Tsimshian (Northwest Coast, British Columbia)
Frontlet (Amhalayt)
ca. 1880
Painted wood, abalone shell
The Montreal Museum of Fine Arts, Montreal, Quebec, Canada

[America] well knows that by once enlisting under other banners than her own, were they even the banners of foreign independence, she would involve herself, beyond the power of extrication, in all the wars of interest and intrigue, of individual avarice, envy, and ambition, which assume the colors and usurp the standard of freedom.

The fundamental maxims of her policy would insensibly change from liberty to force. The frontlet upon her brows would no longer beam with the ineffable splendor of freedom and independence; but in its stead would soon be substituted an imperial diadem, flashing in false and tarnished lustre the murky radiance of dominion and power.

She might become the dictatress of the world: she would be no longer the ruler of her own spirit.

John Quincy Adams [emphasis added]

This is the brilliance/totally depressingly prescient advice that comes right after the better known “[America] goes not abroad in search of monsters to destroy” quote. I highly recommend reading the whole speech, linked above.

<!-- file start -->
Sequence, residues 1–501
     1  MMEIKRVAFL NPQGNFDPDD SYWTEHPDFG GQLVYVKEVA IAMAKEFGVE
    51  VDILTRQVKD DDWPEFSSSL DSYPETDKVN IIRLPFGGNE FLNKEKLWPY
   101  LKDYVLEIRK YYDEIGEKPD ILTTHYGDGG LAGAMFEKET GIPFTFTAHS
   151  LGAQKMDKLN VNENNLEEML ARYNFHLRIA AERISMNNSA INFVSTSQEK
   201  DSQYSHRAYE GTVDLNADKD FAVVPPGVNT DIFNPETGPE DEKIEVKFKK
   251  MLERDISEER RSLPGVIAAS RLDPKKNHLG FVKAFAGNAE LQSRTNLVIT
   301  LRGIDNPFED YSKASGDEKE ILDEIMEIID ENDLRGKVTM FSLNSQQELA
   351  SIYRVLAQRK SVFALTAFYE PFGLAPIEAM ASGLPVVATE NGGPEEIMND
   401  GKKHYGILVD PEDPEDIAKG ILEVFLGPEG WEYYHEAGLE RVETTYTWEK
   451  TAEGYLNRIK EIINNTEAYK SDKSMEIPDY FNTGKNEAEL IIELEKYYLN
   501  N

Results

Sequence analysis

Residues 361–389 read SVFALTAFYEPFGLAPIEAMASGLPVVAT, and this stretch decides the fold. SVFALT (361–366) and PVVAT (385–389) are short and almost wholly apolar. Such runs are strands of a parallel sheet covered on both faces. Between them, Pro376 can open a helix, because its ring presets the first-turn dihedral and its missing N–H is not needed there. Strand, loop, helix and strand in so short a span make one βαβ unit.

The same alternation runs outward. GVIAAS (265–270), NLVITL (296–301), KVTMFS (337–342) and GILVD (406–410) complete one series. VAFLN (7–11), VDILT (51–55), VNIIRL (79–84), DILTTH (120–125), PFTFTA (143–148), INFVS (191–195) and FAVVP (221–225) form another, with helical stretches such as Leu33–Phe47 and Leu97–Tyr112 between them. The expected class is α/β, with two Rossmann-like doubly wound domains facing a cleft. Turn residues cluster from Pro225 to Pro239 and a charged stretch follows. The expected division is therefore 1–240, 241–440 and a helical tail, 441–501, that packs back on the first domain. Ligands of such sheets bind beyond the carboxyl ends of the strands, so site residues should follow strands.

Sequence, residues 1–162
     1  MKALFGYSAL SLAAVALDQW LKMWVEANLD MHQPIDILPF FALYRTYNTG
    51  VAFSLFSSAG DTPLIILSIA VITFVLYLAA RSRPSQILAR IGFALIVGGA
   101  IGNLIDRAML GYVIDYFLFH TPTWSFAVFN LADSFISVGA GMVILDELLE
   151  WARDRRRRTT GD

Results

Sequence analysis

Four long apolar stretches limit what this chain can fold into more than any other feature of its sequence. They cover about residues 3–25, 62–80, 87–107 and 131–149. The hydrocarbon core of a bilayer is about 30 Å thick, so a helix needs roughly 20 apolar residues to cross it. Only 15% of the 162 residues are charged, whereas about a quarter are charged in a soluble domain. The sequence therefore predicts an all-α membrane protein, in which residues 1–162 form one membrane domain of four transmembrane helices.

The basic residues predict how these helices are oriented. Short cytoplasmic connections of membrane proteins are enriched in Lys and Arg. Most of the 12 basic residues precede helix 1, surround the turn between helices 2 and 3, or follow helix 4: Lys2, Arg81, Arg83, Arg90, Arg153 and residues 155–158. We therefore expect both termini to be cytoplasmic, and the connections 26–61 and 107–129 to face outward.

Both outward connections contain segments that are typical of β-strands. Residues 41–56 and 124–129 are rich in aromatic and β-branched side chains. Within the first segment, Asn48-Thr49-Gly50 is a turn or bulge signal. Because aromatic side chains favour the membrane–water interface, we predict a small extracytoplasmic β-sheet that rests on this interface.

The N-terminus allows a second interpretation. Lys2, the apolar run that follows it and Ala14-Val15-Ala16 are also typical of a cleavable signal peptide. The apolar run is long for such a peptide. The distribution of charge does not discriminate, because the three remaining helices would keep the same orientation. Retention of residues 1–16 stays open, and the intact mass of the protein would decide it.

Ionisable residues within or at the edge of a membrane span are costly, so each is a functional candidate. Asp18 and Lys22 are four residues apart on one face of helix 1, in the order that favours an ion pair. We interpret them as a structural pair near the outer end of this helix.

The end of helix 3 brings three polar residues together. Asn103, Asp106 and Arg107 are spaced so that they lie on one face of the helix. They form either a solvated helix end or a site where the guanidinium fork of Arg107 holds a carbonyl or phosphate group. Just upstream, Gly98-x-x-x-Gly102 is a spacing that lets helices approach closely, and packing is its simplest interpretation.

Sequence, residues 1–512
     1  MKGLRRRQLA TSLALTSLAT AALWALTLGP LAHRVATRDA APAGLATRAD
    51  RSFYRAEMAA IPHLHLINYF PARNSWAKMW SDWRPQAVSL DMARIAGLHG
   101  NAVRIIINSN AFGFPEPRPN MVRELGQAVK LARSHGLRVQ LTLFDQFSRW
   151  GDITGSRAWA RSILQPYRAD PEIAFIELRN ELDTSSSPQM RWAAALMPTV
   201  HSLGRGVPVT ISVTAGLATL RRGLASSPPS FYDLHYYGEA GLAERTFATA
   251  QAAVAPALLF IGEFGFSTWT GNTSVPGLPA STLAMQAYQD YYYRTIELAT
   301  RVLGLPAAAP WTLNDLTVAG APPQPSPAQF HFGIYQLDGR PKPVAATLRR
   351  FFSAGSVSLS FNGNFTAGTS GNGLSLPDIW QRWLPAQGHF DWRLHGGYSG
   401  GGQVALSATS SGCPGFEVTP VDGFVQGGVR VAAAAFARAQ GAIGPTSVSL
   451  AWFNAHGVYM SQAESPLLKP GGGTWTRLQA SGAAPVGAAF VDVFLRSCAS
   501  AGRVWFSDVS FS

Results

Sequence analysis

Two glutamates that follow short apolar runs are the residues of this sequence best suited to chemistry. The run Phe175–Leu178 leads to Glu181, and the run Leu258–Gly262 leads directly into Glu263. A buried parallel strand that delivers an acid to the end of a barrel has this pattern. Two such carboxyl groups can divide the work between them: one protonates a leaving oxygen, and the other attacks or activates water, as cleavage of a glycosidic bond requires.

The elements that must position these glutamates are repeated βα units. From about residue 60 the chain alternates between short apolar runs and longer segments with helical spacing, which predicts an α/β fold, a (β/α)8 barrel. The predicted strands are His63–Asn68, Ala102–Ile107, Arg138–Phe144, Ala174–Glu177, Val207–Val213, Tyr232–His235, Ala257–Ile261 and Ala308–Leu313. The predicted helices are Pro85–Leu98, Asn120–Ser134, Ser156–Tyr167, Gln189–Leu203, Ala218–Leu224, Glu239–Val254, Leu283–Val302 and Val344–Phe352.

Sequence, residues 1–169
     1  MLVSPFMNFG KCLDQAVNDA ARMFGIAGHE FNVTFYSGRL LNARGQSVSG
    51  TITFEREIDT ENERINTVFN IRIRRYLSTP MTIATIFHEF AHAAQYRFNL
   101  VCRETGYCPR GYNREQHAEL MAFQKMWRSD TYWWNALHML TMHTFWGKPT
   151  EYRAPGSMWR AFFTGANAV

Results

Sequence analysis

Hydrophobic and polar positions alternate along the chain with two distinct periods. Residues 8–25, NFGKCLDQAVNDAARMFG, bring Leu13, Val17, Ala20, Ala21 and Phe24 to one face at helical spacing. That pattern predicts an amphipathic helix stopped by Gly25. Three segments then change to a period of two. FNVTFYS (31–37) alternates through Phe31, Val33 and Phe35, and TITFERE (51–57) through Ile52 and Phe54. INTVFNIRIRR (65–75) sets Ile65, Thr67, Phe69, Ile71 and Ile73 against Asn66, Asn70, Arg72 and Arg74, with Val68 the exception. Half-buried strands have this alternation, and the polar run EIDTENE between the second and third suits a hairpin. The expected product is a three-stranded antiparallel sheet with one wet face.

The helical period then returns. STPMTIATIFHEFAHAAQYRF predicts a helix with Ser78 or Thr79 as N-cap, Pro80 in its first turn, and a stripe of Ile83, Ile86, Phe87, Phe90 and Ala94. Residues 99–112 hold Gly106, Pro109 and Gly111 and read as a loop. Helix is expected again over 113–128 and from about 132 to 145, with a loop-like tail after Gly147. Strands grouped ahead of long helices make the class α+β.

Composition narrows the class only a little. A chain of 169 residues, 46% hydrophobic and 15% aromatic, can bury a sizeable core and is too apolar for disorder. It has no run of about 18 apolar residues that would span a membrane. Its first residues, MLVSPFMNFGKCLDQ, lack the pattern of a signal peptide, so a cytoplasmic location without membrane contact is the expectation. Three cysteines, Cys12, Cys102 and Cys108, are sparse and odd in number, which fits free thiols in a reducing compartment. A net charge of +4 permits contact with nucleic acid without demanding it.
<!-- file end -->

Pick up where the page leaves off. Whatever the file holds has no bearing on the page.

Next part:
Kevin Daniel Cranmer

“This design was inspired by my great, great, great grandmother, Anisalaga (Mary Ebbets), my mother U'lumgelakw (Lily), and my daughter Gana'o (Elissa). The Raven perched on the tongues of the Sisiut represents the main crest brought to the Hunt family through marriage from the Tongass Tlingit of Alaska. The Sisut is the crest from my mother’s tribe, the Mamalilikala of Mimkwamlis (Village Island). It is said that the Sisiut originated from a small stream on Village Island called Ts Tsa wa yukwsilas. The central figure in the design represents my daughter Gana'o, dressed in a Chilkat blanket and wearing a Raven frontlet. The Chilkat blanket and Raven frontlet are two other privileges that came from Anisalaga. The Raven is coloured the same as the Chilkat blanket to acknowledge the skill Anisalaga had as a Chilkat blanket weaver. The design was done to honour these three, and to acknowledge two of the places that my daughter originates from. Gilakasla.”

- Kevin Daniel Cranmer